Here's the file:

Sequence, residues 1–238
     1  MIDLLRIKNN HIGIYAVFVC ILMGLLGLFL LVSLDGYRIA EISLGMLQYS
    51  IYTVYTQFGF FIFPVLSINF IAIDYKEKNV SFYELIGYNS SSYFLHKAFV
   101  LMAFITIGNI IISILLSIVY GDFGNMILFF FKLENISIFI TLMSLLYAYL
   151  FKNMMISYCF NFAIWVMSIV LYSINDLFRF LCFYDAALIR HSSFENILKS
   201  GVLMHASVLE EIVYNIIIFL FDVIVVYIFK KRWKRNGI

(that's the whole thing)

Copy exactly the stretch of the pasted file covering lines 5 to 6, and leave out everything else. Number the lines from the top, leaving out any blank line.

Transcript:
   151  FKNMMISYCF NFAIWVMSIV LYSINDLFRF LCFYDAALIR HSSFENILKS
   201  GVLMHASVLE EIVYNIIIFL FDVIVVYIFK KRWKRNGI